In January nearly 100 members of the Leelanau Conservancy Sustainers Circle gathered at the Glen Arbor Township Hall. The topic for our program was a brief retrospective of our first 25 years. We tried to show what our Founders envisioned, how we evolved and grew in our thinking since 1988, and how those changes in thinking have influenced the types of projects that we have done and will do in the next 25 years.
It is true that past is prelude. That means we will continue to protect wonderful natural land and some of the most scenic and productive farmland on the Leelanau Peninsula. But beyond that, what does the Conservancy’s leadership envision for the next 25 years? In what ways, however subtle, will our emphasis differ from the first 25 years? John Erb, in his Chairman’s column, talks of a group of kindergartners who hiked to the top of Whaleback. John asks, “What will Leelanau look and feel like when these children are ‘old’?” This is basically the same question that a number of our Sustainers asked following our winter gathering. How will the work we are doing right now matter to our current Sustainers, and also to our children’s children?
Abraham Lincoln reportedly used to say “The best way to predict the future is to create it yourself.” While our Founders, Ed and Bobbie Collins, never referenced Honest Abe directly, they clearly believed in the principle he espoused. This organization is all about creating a better future for the Leelanau Peninsula, and doing it by taking action to harness the talents of many people in a way that allows them to accomplish much more than any one well-meaning individual could ever accomplish alone. So let’s try to answer John’s question in the most forthright way that we can.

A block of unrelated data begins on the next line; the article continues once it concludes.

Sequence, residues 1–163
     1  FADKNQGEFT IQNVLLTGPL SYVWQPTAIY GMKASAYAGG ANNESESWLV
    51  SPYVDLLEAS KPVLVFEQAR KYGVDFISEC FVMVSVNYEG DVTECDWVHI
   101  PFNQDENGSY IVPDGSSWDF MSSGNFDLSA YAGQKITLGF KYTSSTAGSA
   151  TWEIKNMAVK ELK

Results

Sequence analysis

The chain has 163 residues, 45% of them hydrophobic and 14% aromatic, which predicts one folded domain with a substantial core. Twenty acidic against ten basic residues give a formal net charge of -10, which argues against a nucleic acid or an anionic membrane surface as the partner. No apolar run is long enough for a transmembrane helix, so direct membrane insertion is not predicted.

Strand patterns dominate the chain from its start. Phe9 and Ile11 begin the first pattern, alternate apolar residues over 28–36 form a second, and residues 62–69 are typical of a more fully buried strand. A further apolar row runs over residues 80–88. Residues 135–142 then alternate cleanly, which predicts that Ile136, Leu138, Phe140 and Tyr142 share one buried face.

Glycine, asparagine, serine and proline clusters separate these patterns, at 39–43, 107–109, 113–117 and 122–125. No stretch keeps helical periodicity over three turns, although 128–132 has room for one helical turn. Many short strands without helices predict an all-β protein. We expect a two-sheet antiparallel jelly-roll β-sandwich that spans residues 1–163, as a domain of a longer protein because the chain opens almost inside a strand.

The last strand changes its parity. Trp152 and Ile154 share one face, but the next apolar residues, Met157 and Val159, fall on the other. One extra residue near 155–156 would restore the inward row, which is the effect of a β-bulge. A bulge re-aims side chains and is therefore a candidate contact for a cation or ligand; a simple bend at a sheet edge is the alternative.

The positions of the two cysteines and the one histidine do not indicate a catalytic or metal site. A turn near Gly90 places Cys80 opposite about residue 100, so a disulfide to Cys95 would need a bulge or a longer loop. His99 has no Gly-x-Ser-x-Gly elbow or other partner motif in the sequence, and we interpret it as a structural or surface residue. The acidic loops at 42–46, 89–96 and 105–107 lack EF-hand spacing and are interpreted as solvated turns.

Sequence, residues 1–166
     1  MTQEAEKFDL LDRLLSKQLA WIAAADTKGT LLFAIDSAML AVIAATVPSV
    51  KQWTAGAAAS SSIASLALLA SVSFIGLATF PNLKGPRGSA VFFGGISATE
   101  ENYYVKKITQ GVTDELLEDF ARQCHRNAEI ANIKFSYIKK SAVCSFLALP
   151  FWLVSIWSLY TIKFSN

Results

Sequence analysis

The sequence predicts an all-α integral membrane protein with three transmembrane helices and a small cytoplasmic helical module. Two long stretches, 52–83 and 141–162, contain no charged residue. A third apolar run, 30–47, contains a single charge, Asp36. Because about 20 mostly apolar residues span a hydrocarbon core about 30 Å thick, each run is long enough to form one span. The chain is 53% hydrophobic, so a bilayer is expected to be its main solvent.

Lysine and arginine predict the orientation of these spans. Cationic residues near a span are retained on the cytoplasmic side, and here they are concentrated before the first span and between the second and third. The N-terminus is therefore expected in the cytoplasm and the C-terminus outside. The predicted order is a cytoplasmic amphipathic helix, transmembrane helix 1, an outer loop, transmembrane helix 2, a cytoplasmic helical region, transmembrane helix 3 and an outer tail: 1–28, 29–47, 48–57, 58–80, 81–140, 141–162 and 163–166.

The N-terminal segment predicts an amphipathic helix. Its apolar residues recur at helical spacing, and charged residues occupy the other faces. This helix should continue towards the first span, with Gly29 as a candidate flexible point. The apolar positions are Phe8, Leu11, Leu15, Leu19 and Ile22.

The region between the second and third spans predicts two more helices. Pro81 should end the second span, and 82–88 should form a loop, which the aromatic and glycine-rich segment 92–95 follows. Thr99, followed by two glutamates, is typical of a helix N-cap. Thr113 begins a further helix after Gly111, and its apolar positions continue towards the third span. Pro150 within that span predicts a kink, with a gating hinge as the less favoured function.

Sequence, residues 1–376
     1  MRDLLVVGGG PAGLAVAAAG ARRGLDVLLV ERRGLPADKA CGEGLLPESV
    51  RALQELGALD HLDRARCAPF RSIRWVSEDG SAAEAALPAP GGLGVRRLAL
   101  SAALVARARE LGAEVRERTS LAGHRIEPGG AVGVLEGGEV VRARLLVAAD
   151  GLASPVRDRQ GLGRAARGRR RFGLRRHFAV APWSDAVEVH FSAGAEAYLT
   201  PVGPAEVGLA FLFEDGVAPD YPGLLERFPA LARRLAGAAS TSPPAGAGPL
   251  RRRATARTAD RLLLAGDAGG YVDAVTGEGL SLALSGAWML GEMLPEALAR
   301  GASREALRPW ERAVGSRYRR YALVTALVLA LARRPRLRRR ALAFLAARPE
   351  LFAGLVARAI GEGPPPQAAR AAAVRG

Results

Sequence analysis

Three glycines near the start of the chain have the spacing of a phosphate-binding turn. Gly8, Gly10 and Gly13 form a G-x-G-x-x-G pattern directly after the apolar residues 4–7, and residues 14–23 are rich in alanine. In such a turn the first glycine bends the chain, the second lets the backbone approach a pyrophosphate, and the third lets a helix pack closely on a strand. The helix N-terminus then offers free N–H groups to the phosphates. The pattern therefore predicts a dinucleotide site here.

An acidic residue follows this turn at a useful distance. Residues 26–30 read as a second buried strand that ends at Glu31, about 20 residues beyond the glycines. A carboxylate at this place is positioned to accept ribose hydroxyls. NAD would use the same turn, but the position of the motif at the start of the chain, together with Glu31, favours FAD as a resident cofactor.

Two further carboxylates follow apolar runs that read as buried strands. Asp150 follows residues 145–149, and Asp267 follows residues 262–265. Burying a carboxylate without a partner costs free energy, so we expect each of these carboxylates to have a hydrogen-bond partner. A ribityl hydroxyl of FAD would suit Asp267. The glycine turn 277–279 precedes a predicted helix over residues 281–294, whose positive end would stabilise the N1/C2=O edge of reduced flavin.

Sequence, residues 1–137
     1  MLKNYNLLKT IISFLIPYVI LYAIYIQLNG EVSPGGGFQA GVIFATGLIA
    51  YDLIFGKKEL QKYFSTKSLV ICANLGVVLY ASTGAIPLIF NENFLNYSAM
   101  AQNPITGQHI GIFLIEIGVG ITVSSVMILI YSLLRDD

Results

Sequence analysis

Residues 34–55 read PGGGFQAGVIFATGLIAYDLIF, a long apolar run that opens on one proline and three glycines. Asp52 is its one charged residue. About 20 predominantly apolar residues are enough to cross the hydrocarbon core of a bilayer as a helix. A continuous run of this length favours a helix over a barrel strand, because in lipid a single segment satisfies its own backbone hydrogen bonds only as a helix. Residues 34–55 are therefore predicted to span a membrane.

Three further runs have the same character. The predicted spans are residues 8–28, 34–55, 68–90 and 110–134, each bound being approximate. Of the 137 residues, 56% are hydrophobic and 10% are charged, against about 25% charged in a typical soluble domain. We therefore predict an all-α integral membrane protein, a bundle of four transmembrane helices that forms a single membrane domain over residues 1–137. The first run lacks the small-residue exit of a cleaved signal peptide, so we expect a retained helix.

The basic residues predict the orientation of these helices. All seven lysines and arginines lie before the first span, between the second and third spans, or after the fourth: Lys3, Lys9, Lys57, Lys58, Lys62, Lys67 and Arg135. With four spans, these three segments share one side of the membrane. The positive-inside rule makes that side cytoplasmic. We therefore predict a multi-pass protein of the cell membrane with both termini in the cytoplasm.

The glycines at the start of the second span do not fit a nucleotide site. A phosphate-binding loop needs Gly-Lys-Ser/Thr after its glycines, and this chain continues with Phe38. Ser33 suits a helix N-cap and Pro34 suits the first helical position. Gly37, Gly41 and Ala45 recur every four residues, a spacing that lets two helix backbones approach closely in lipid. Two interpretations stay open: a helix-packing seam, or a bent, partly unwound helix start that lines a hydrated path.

The Past Really is Prelude
In 1993, Ed Collins, in writing about our first five years, stated the reasons that he and his wife, Bobbie, founded the Conservancy. “Any person who has lived or vacationed in Leelanau County, no matter how short a time, becomes somewhat fused to this special place. All that seems required is brief contact with the gentle curve of the glacial landscape, the dramatic vistas over water and our small, distinctive villages. When we leave, we long to return.” Ed added that this longing and the desire to protect such beauty was the motivating principle behind the founding of the Conservancy.
The affirmation that the Leelanau Peninsula is a special place, and especially deserving of thought and care in its growth and development has been a theme that is echoed by virtually all of our publicly adopted planning documents, by our Leelanau Chamber of Commerce, and by those charged with mapping out a strategic plan for economic development.